1904 U.S. elections: Jewish kids stumping for candidates

When the 1904 presidential campaigns began, there were more than 1.5 million Jews in the U.S., most of whom had immigrated from Russia and Eastern Europe in the previous 25 years.

Politicians coveted the Jewish vote, and campaign materials had long since started to appear in Yiddish. Examples include this 1904 mini-biography of incumbent candidate Theodore Roosevelt, published in Chicago. (Photo from the June 1905 issue of the Jewish magazine New Era Illustrated.)


Booklet in Yiddish with a drawing of Teddy Roosevelt on horseback.


In the final month of the 1904 race, the same magazine ran the following article about young boys who were hired to stump for candidates on New York’s Lower East Side:

Boy Political Orators


New Era Illustrated, October 1904

ON LATE OCTOBER NIGHTS, in years when important elections are pending, New York’s East Side adds another queer sight to its already long list. Street corners, doorsteps and casual barrel-heads not infrequently present to the astonished stranger the spectacle of boys from ten to fifteen years old delivering with might and main speeches Democratic, Republican or Socialistic. Some of them should have been in bed hours ago, and in their waking moments should have concerned themselves with nothing more complex than the third reader and a baseball bat; yet there they stand, repeating like little parrots of phenomenal intelligence the stock phrases of their respective parties.

A group gathered around a boy orator.

An East Side street corner in campaign time.

They talk as if they understood the meaning of the words, and if cornered by the interruption of a bystander, they will often, with a quick reply, turn the laugh against their opponent ; but the whole business is more an effort of memory than an example of children of the poor, as they are, sons often of men whose brains have been sharpened to almost supernatural keenness by Talmudic subtleties, their childish feet are early entangled in the web of politics that immeshes all New York’s East Side. It is an amusing game to them ; it is fun to pit their eager little minds against those of older men. There is applause, excitement and a little money in it for them ; for the East Side there is considerable amusement ; for the politician there is the certainty of an audience. All are quite satisfied with the arrangement, and so this month has, as usual, its crop of boy politicians.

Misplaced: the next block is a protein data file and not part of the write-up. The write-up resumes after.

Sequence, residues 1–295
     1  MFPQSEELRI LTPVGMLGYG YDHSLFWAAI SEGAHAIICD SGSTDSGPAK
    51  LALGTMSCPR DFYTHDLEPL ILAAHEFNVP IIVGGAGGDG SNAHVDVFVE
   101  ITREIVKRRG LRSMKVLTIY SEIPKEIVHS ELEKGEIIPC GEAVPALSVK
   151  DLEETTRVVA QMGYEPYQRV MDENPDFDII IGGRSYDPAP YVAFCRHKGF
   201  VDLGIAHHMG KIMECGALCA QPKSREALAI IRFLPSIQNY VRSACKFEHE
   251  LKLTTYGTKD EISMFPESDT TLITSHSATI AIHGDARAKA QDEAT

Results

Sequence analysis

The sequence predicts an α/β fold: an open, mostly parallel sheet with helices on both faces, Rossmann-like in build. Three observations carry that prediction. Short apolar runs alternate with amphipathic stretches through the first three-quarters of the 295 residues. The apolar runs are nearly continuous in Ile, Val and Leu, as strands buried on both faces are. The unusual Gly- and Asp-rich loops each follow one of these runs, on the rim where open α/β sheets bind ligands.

“Couldn’t you just as well speak for the Democrats ?” was asked of a Rooseveltian of eleven years.

“I could, maybe—but I wouldn’t. No, sir ! I’m a straight Republican and I won’t have anything to do with the Democrats.”

“The Democrats are all bad, arc they ?” was asked again.

“I believe,” said the politician, loftily, “that there are good men everywhere. It would be foolish to deny it. But I know that most of them are in the Republican party, so I am a Republican.”

This young hopeful has taken an active part in politics for the past year. He is perhaps rather younger than most of his class, but when boys get into the high schools or college they are very apt to seek to augment their slender incomes by putting their bright brains and quick tongues at the service of one or other of the great political parties.

There are two methods of going to work. Many boys do regular stump speaking, going about from place to place and addressing crowds in a prepared speech. Sometimes they have the glory of a cart to convey them, sometimes they merely utilize barrels, or avail themselves of the shoe-polishing stand which customarily adorns the sidewalk outside a saloon. Another class is even more picturesque—and to this set belonged the young man whose profound words have been quoted. They don’t make set speeches, but hang about political gathering places and draw men into argument. Their wits work quickly enough to enable them to put up a very respectable showing.

“I don’t see why I should vote for Roosevelt,” objected one man to the eleven-year-old logician. “There’s been nothing but strikes since he came in.”

“Parker could stop the strikes, you think ?” scornfully responded the child. “The strikes come from the way the workingmen feel—and if Parker told them I suppose they’d change their feelings?”

“Well, a vote for the Republicans is a vote for the trusts [monopolies], anyway.”

“The trusts! Now, that’s something everybody’s talking about, but the trusts have made things cheaper and it’s very bad, I tell you, to have all the business men trying to beat each other down. It upsets the country.”

So the ball goes back and forth amid the laughter of the street. Every bull’s-eye for the child is received with applause, and his arguments receive a more patient attention than would a grown man’s.

All this is bright and amusing for the passer-by and pleasant for the child, if somewhat overstimulating, but East Side [social] workers shake their heads over the matter. […]